Gordon Brown has warned that the world could “sleepwalk” into a financial crisis as big as the one that hit in 2008.
The former prime minister insisted dangers had increased because the world is now “leaderless”.
His comments came during an interview with the Guardian, in which he was asked about the risks of another economic collapse.
“There is going to have to be a severe awakening to the escalation of risks, but we are in a leaderless world,” he told the paper, adding that the international coordination shown in the wake of the 2008 crisis would be impossible now.
He said: “The cooperation that was seen in 2008 would not be possible in a post-2018 crisis both in terms of central banks and governments working together.”
This week marks the 10 year anniversary of the collapse of investment bank, Lehman Brothers, who were declared bankrupt while holding $639 billion in assets and with $619bn in debt. This remains the largest bankruptcy filing in history.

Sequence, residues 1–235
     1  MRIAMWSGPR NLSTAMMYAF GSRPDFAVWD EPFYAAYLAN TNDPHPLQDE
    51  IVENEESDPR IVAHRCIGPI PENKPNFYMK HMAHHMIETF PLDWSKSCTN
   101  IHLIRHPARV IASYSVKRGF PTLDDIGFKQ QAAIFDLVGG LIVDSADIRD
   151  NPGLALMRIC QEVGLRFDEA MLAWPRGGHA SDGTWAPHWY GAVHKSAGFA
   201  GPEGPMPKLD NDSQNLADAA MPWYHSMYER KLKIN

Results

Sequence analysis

Brown was prime minister during the onset of the 2008 financial crisis, which helped destroy his premiership in the 2010 general election, and pointed out that when the previous crisis occurred, international cooperation was vital in the months that followed.
Claiming countries “have retreated into nationalist silos” and are “at war with each other” on issues such as trade and climate change, he argued: “In the next crisis, a breakdown of trust in the financial sector would be mirrored by breakdown in trust between governments.”
“There wouldn’t be the same willingness to cooperate but rather a tendency to blame each other for what’s gone wrong.”
The former prime minister also singled out Donald Trump as someone who could stand in the way, stating that the president’s “protectionism” is the “biggest barrier to building international cooperation”.